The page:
A new NHS campaign is encouraging people struggling with their mental health to seek confidential help from NHS talking therapies.
Research found that Black people are a third less likely to ask for professional help and are especially encouraged to make use of the range of free services available for anxiety, depression, and other common mental health problems – either by self-referral or by contacting their GP.
A survey commissioned by NHS England and NHS Improvement found that more than 1 in 3 (36%) Black respondents who reported mental health issues didn’t seek professional help because they didn’t feel comfortable talking to other people (compared to 22% of the general population).
Mental Health Therapist Antoinette said: “The myth that mental health isn’t a Black issue can make us hesitant to admit or talk about depression or anxiety. NHS talking therapies are 100% confidential, so you don’t have to worry about what anyone thinks. Your free video or in-person consultation will put you at ease and help you find the right kind of support for you.”
The NHS offers a range of talking therapies, such as cognitive behavioural therapy (CBT), counselling and guided self-help.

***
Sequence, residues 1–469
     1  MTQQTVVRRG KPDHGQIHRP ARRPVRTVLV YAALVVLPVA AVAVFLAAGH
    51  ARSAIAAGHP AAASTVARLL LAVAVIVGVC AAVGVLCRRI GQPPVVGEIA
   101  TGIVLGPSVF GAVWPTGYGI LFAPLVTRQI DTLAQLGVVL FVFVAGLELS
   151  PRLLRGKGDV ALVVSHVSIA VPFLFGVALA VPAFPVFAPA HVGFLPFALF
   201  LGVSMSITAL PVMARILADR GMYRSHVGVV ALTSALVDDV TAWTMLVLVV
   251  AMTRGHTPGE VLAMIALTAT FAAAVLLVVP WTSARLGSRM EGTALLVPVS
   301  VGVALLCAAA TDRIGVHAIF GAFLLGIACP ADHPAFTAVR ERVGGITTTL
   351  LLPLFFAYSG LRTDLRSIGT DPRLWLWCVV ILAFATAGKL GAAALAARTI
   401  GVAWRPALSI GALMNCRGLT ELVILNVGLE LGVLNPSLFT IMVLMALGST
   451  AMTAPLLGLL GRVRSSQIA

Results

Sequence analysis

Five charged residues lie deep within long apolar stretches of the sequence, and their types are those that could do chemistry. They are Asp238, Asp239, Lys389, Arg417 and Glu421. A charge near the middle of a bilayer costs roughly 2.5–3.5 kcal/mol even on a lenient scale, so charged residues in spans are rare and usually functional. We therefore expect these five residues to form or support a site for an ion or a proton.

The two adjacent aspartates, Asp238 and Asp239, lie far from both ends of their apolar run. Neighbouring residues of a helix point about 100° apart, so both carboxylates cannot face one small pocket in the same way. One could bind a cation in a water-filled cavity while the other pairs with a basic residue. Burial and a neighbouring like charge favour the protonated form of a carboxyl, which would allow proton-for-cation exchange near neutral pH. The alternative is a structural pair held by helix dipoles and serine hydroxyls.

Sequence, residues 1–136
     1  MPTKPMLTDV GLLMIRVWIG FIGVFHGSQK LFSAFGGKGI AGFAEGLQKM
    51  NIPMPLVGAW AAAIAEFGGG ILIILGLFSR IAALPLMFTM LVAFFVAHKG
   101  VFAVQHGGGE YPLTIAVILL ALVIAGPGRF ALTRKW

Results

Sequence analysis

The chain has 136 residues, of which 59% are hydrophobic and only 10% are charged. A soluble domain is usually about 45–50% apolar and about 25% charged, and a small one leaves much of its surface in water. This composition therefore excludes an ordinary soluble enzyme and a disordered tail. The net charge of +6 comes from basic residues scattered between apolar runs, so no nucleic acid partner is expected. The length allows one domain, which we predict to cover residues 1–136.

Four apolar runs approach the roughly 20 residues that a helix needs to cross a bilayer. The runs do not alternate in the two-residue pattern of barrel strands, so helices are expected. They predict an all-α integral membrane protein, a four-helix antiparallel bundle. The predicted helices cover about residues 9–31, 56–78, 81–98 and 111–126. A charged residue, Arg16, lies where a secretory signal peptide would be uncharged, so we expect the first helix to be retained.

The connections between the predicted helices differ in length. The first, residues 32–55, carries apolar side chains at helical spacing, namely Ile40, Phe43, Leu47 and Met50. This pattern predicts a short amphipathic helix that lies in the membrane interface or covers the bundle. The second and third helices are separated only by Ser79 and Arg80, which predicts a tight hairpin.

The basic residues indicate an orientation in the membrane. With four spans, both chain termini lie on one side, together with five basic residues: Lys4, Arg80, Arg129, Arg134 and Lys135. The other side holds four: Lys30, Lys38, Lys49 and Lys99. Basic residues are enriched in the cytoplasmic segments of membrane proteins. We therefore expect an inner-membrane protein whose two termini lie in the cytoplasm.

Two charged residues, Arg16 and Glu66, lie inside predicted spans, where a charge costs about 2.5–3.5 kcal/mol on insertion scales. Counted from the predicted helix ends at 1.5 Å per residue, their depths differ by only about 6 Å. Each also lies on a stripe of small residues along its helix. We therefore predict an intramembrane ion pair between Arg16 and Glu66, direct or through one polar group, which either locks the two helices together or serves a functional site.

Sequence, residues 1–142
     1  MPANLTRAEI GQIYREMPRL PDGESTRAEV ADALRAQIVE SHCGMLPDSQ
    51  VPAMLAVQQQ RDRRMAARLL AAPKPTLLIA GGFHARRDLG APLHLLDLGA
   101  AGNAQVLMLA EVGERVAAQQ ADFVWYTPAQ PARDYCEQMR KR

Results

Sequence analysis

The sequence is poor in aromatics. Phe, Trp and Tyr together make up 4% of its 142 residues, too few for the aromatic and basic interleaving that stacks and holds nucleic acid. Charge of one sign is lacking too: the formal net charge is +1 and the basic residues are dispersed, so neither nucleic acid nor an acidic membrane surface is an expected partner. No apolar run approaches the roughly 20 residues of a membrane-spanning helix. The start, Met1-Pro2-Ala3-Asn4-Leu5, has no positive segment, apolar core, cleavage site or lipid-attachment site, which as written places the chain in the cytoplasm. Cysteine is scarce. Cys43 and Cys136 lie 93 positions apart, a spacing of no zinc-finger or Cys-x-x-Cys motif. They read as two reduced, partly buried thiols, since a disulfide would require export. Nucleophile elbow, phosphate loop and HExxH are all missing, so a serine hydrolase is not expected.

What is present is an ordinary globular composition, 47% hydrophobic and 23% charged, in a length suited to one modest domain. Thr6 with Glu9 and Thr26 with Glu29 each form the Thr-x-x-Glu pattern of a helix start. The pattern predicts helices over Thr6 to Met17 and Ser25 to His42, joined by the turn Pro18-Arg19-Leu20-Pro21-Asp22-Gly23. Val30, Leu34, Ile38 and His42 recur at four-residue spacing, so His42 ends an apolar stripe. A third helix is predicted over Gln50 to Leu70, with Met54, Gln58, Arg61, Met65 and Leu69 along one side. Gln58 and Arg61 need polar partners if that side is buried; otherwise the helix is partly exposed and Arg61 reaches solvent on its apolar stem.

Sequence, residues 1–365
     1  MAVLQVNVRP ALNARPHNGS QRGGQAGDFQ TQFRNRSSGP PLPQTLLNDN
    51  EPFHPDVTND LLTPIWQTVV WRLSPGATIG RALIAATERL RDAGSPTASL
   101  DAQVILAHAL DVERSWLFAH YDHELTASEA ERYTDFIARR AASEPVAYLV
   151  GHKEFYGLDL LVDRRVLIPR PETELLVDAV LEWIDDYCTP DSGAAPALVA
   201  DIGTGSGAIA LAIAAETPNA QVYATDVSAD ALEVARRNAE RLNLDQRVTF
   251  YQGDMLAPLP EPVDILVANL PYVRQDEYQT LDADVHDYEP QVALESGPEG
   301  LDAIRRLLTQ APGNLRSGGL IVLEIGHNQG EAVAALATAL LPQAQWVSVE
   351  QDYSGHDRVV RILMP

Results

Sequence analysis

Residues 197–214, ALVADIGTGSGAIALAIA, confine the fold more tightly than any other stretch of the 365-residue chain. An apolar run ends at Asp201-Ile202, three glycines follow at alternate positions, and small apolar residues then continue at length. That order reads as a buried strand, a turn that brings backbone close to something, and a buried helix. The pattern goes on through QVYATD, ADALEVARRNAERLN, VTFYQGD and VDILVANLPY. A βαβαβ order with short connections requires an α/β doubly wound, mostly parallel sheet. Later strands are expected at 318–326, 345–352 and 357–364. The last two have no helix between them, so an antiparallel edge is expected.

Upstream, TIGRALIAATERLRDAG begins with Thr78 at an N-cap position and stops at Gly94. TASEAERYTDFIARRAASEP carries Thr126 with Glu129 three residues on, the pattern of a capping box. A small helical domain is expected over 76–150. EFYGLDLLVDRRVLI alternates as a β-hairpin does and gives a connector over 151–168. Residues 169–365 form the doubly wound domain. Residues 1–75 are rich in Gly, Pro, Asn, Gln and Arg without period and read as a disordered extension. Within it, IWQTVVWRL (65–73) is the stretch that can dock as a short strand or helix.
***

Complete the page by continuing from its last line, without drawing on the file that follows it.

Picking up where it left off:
Support is offered in a number of ways, including as an online course, over the phone, and via interactive text messaging and one-to-one or group therapy.
If you’d prefer to talk in a language other than English, you can talk to therapists who speak your language or work through a confidential translator.
Idriss was helped by NHS Talking Therapies. He said: “I wasn’t comfortable about talking about my thoughts and feelings, especially with a stranger. But it turns out it was exactly what I needed. NHS talking therapies made me realise that holding things in was part of the problem. It helped that it’s all confidential, I felt I could finally open up and unburden myself.”
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